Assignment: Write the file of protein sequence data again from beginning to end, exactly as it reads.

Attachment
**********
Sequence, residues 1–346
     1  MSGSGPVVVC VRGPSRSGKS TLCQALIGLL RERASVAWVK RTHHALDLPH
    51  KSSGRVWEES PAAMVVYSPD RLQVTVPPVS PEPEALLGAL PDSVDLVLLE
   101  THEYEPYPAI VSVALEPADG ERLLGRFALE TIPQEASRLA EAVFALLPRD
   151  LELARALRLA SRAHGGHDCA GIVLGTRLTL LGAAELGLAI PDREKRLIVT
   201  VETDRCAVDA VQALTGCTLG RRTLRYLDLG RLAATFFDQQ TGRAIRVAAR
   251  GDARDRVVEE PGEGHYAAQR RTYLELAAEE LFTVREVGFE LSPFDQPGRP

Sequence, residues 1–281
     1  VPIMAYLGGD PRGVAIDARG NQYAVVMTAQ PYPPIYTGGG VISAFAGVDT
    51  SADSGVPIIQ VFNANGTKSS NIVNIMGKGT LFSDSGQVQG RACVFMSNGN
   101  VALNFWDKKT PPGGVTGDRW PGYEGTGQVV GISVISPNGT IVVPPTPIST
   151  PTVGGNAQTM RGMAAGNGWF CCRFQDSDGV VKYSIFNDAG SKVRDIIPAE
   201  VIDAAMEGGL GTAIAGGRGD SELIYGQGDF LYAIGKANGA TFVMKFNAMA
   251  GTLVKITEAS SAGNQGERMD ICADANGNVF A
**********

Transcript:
Sequence, residues 1–346
     1  MSGSGPVVVC VRGPSRSGKS TLCQALIGLL RERASVAWVK RTHHALDLPH
    51  KSSGRVWEES PAAMVVYSPD RLQVTVPPVS PEPEALLGAL PDSVDLVLLE
   101  THEYEPYPAI VSVALEPADG ERLLGRFALE TIPQEASRLA EAVFALLPRD
   151  LELARALRLA SRAHGGHDCA GIVLGTRLTL LGAAELGLAI PDREKRLIVT
   201  VETDRCAVDA VQALTGCTLG RRTLRYLDLG RLAATFFDQQ TGRAIRVAAR
   251  GDARDRVVEE PGEGHYAAQR RTYLELAAEE LFTVREVGFE LSPFDQPGRP

Sequence, residues 1–281
     1  VPIMAYLGGD PRGVAIDARG NQYAVVMTAQ PYPPIYTGGG VISAFAGVDT
    51  SADSGVPIIQ VFNANGTKSS NIVNIMGKGT LFSDSGQVQG RACVFMSNGN
   101  VALNFWDKKT PPGGVTGDRW PGYEGTGQVV GISVISPNGT IVVPPTPIST
   151  PTVGGNAQTM RGMAAGNGWF CCRFQDSDGV VKYSIFNDAG SKVRDIIPAE
   201  VIDAAMEGGL GTAIAGGRGD SELIYGQGDF LYAIGKANGA TFVMKFNAMA
   251  GTLVKITEAS SAGNQGERMD ICADANGNVF A